(Reuters) - The U.S. Food and Drug Administration (FDA) on Monday approved an injectable form of GlaxoSmithKline Plc's cabotegravir drug that is given every two months to prevent an HIV infection.
The injection - Apretude - to prevent the virus that causes AIDS is aimed as an alternative to daily pills and has been approved for use in at-risk adults and adolescents.
Its first two doses are administered one month apart and then the injection is given every two months thereafter.
Patients can start their treatment with Apretude or take oral cabotegravir for four weeks to assess how well they tolerate the drug.
Apretude comes with a boxed warning to not use the drug unless a negative HIV test is confirmed. A boxed warning on the label is FDA’s strictest warning and calls attention to serious or life-threatening risks of a drug.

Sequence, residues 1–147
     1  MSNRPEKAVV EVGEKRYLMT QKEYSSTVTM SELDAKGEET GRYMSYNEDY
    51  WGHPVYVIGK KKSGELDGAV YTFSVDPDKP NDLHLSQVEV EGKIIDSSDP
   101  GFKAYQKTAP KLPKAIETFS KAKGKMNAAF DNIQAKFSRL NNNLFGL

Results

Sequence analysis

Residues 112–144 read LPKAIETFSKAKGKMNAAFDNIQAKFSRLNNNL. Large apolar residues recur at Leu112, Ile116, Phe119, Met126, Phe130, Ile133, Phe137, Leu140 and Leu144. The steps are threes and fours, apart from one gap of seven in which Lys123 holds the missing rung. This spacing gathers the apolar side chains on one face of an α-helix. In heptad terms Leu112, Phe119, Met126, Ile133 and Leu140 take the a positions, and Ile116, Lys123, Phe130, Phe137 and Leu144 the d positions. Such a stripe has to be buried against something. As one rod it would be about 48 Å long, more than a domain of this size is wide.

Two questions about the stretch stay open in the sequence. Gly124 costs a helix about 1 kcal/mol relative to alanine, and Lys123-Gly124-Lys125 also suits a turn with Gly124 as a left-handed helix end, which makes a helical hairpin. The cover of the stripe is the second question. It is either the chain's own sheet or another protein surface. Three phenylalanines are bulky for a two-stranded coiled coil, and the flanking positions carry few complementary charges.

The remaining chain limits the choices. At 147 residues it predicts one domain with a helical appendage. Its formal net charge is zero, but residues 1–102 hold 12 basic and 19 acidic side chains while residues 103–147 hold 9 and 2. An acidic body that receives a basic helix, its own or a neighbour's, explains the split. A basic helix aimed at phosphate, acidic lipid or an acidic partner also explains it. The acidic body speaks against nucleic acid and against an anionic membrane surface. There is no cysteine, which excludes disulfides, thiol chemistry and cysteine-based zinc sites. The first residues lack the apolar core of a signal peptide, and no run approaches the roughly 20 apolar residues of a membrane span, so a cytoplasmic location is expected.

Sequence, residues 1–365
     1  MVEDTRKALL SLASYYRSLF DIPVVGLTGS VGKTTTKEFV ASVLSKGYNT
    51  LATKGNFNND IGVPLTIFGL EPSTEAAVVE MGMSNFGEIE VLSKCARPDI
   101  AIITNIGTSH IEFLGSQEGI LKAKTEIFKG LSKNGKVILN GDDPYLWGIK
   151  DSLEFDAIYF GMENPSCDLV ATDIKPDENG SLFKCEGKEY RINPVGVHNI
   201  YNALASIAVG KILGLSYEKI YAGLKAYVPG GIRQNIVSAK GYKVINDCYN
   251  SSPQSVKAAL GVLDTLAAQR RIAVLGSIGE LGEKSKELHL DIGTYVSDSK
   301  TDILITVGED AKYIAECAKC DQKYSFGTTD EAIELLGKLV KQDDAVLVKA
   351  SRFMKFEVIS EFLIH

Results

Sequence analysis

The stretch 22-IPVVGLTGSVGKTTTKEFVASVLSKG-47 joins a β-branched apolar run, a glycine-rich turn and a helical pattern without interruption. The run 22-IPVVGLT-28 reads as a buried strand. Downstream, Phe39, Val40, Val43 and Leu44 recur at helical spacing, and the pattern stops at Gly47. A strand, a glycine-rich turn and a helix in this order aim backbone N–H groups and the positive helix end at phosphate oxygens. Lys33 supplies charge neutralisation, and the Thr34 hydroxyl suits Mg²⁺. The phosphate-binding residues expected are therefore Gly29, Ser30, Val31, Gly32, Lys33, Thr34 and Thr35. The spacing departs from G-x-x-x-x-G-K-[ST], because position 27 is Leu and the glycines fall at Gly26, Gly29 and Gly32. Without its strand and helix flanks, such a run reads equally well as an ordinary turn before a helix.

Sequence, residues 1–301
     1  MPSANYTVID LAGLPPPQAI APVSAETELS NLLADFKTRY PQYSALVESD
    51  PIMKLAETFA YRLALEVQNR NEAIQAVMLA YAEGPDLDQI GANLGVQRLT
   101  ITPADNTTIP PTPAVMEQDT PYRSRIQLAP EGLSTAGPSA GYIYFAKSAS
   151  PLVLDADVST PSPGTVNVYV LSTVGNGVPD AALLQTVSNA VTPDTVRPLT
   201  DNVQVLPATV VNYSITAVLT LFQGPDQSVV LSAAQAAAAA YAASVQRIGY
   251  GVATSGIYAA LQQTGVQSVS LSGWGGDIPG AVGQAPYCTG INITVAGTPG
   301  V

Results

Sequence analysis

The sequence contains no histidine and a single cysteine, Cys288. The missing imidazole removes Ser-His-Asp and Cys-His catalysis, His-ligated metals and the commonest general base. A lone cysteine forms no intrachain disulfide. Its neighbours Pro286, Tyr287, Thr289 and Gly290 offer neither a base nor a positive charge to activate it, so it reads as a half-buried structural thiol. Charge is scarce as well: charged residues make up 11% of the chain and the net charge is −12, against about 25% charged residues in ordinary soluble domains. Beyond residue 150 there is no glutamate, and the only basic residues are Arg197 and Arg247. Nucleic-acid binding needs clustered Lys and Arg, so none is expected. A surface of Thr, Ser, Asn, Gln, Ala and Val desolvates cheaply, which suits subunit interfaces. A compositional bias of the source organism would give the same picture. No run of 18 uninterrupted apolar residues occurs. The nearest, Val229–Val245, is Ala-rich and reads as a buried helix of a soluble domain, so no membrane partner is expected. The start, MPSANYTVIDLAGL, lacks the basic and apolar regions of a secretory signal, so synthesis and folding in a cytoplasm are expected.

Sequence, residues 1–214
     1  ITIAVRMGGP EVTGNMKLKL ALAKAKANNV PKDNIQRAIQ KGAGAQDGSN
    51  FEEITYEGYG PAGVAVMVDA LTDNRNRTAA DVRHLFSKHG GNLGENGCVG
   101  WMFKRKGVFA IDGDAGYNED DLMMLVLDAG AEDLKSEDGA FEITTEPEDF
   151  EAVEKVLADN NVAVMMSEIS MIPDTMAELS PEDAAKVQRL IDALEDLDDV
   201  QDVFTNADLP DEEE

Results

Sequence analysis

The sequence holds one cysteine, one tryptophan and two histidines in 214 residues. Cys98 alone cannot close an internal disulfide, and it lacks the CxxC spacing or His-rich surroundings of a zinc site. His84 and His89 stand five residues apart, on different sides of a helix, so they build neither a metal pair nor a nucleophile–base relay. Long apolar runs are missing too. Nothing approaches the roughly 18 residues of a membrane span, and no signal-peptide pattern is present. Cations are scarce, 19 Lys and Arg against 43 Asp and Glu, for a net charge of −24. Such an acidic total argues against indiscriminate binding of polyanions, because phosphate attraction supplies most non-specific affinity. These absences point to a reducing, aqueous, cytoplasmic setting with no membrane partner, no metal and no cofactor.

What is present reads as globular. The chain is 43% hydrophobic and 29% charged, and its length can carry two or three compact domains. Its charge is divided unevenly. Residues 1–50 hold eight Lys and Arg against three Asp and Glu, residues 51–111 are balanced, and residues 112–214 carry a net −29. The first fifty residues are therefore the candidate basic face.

Apretude's approval was based on a final study showing it was found to be 66% more effective in preventing HIV infections than Gilead's Truvada daily oral pills.
Cabotegravir and the daily oral pill were both well tolerated in the study, which was conducted on men who engage in sexual activity with other men and transgender women who have sex with men, putting them at risk of contracting HIV.
(Reporting by Dania Nadeem in Bengaluru; Editing by Aditya Soni)